The Poplar St. parking lot at the Juravinski Cancer Centre is closed from June 3 to September 27. Click here for more info.

Hamilton Health Sciences Home
holding cannabis buds
April 20, 2018

Are there long-term effects to cannabis users?

Before the end of 2018, many Canadians will be able to legally purchase cannabis for recreational use in their communities. But, despite its impending widespread availability, there’s very little known about the long-term physical, psychological and social effects of cannabis, leaving the medical community at odds with the drive to legalize the drug.

Researchers at Hamilton Health Sciences (HHS) and McMaster University have established the Database for Cannabis Consumption and Study, or “DataCann”, to help inform knowledge and use of cannabis in clinical settings.

Once the database is complete, researchers can begin to look for answers around who’s using medical cannabis and why, the benefits and risks, the specific compounds used, the impact on healthcare resources, and further education requirements. Ultimately the hope is that the data collected will impact healthcare guidelines and prescribing practices to ensure optimal outcomes for patients.

Ultimately the hope is that the data collected will impact healthcare guidelines and prescribing practices.

“This database will give us the opportunity to explore a lot of unanswered questions around the medical use of cannabis,” says Dr. Ramesh Zacharias, DataCann co-principal investigator and medical director of the Michael G. DeGroote Pain Clinic at HHS. “We need to know who benefits from cannabis and why to ensure we can provide the most appropriate treatment plans to patients. More importantly, we need to know if there are any long-term risks.”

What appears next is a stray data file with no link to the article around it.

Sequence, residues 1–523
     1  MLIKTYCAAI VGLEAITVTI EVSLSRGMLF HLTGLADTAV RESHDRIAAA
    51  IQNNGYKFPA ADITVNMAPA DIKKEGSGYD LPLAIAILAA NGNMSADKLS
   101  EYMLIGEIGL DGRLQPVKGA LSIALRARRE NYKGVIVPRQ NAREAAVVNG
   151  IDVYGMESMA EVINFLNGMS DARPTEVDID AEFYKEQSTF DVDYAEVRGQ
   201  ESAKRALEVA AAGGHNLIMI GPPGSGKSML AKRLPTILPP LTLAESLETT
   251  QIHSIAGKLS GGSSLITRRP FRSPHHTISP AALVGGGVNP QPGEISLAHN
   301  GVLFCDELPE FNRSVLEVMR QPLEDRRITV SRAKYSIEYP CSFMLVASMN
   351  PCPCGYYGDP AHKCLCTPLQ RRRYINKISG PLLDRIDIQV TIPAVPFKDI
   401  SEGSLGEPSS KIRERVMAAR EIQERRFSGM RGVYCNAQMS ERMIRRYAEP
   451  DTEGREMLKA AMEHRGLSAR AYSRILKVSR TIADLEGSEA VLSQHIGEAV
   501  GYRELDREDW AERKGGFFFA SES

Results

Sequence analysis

The team is looking to recruit at least 1,000 participants from across Canada who are using cannabis and have chronic, non-cancer pain. Participants are required to complete an online survey for the first two, eight and twelve months, then every six months thereafter until the database is complete. The project is expected to take five years to complete.

Michael G. DeGroote Pain Clinic patient and regular cannabis user, Kelly was more than willing to participate in the study. She says filling out a survey every few months is the least she can do to help doctors better understand cannabis. All she knows is that the cannabis oil she takes has made a huge difference in managing her pain from Lupus and has allowed her to reduce the amount of medication she takes. The team hopes that information like this will provide some insight into the drug.

“More importantly, we need to know if there are any long-term risks.”

“We have the potential to create the largest medical database on cannabis,” says Dr. Zacharias. “Not only does it give us a strong starting point, but it will provide the foundation upon which to conduct more research in the years to come.”

The DataCann project is a partnership between Hamilton Health Sciences’ Michael G. DeGroote Pain Clinic, McMaster University’s Michael G. DeGroote Institute for Pain Research and Care, and the Michael G. DeGroote Centre for Medical Cannabis Research. Currently, hospital and clinical partners in Toronto, Thunder Bay, Winnipeg and Vancouver are supporting patient recruitment efforts, with a goal to bring in additional partners from across Canada as the project unfolds.